Study lead author Emily Bariola said the results add weight to the growing swell of community support for legalising same sex marriage in Australia.
'These findings are significant. They suggest that providing same-sex couples with the chance to formalise their relationship is both a civil rights AND a public health issue.'
More than 1,000 men and women in same-sex relationships were surveyed across the country for the report and asked about their well-being and its link to formal recognition of their partnership.
The couples who had formalised their relationships in socially validating ways, such as marriage, commitment ceremonies, and registered domestic relationships had significantly better mental health than those who hadn't - especially younger people.
Those who hadn't formalised their relationship but wanted to were more likely to be psychologically distressed, especially older people.
Ms Bariola said the findings are supported by further evidence overseas that same-sex marriage is linked with better health.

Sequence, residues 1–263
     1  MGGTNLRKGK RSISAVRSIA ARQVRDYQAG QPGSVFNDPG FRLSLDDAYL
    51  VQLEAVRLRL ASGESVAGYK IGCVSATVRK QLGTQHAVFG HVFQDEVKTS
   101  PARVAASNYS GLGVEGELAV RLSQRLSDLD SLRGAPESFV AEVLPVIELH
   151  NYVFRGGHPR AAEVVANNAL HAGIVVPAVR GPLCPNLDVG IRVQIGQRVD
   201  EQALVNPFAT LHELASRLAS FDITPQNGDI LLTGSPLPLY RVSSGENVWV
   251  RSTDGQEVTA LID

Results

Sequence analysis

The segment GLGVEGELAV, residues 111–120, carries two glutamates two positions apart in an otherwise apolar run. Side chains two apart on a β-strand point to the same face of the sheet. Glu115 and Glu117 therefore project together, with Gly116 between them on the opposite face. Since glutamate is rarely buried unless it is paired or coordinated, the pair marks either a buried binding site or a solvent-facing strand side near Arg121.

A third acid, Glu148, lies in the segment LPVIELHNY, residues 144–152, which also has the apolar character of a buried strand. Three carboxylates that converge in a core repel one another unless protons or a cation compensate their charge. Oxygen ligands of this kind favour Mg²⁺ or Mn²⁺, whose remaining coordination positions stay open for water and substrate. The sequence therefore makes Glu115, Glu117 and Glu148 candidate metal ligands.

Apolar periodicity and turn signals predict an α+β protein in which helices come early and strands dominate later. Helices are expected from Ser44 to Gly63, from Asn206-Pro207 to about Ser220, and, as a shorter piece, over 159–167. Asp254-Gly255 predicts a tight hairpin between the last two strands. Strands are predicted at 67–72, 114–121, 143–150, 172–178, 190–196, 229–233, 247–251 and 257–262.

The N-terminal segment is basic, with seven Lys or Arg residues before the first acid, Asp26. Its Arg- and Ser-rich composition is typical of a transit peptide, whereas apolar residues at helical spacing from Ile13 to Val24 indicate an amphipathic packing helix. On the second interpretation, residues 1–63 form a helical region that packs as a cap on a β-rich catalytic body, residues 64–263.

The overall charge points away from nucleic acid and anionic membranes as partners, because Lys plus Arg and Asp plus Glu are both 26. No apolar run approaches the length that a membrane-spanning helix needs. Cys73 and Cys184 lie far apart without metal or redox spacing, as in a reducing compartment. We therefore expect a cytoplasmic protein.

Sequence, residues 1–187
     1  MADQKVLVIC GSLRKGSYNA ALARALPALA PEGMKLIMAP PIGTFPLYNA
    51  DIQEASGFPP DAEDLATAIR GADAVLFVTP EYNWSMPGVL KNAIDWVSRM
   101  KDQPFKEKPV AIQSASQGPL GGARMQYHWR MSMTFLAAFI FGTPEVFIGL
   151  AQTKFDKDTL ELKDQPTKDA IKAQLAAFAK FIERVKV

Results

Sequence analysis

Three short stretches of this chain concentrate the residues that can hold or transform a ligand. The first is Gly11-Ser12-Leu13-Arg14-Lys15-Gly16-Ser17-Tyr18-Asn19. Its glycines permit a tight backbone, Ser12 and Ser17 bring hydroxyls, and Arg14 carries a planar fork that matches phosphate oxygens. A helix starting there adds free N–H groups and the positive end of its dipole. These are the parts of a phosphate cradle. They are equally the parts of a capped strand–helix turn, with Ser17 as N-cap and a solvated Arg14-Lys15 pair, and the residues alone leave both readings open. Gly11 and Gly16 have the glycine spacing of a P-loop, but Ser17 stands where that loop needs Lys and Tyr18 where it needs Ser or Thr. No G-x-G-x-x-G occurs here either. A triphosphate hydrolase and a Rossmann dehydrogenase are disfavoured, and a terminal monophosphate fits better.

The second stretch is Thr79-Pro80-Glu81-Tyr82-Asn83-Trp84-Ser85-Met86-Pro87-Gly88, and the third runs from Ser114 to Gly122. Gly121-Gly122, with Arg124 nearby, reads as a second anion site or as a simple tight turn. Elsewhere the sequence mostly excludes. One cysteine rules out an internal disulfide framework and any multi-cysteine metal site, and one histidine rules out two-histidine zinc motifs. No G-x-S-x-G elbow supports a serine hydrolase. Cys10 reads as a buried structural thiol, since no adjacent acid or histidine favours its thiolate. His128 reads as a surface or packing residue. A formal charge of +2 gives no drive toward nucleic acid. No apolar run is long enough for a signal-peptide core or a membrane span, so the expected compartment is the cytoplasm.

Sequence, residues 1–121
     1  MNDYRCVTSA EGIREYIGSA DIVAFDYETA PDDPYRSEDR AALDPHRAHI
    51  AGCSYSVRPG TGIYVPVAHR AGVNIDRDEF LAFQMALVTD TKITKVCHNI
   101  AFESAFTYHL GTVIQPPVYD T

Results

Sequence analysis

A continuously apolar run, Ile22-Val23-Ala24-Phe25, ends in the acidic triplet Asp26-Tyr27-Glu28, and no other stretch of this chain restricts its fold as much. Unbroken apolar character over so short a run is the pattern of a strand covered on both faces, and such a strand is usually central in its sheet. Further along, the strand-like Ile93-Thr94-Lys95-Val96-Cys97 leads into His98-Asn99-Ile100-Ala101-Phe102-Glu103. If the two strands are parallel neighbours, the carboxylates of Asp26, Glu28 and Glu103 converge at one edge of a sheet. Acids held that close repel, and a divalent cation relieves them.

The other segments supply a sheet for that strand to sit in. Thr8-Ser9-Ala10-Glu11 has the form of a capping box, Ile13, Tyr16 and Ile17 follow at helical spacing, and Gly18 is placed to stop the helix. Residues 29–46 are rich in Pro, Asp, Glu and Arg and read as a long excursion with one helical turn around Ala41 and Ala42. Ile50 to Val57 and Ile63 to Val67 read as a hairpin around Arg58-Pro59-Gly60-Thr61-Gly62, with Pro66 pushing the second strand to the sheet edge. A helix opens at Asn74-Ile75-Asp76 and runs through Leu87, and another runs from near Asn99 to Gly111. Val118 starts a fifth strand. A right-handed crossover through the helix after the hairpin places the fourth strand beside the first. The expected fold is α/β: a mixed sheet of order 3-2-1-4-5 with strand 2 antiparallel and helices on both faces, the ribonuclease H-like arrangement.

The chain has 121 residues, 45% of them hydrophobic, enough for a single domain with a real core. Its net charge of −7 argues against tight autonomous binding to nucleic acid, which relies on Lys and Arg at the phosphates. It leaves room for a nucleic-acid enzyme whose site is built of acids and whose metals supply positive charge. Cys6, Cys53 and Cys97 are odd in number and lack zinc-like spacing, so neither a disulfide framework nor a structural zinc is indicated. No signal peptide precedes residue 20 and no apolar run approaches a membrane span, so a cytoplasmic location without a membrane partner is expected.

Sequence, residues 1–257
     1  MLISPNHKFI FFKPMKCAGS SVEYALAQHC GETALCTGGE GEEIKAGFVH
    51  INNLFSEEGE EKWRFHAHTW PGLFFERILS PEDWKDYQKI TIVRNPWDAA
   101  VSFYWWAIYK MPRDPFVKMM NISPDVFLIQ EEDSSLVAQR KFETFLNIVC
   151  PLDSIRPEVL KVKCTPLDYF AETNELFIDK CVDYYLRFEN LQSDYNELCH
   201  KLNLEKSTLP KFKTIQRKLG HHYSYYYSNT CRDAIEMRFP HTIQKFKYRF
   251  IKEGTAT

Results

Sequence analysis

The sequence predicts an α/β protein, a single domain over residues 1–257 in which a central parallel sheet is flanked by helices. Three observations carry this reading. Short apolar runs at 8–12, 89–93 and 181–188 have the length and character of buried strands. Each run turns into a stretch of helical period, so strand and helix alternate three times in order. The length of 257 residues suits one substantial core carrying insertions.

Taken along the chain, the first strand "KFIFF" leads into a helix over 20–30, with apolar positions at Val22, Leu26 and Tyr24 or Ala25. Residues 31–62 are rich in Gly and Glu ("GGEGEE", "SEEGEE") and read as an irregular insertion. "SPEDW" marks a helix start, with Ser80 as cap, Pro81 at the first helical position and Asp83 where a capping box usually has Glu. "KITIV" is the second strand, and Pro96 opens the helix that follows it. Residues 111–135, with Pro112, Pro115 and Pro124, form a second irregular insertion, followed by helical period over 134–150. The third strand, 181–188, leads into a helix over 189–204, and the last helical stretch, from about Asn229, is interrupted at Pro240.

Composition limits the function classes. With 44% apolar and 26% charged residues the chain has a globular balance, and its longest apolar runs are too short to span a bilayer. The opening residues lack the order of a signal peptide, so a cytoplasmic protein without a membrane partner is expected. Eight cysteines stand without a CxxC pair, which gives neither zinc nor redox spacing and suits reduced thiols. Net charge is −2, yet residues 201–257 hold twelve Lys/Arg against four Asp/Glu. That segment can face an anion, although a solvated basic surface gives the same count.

'We know that rates of depression, anxiety and substance abuse are far higher among same–sex attracted individuals than heterosexuals. Banning same-sex marriage is a form of social exclusion and adds another layer of stress and marginalisation for this group.'
- Of those surveyed 86% had not formalised their current relationship
- 45% reported they wanted to or intended to
- The mental health benefit of relationship formalisation best among 16-39 year olds
Co-author Dr Anthony Lyons says, 'Research over several decades shows health benefits of marriage for heterosexual couples. Our research shows that this may also be true for same-sex couples, making marriage equality an important health issue.'
The findings are published in the Australian & New Zealand Journal of Public Health and authored by Emily Bariola, Anthony Lyons, and William Leonard.
Media; Catherine Garrett 9479 6565, 0418 964 325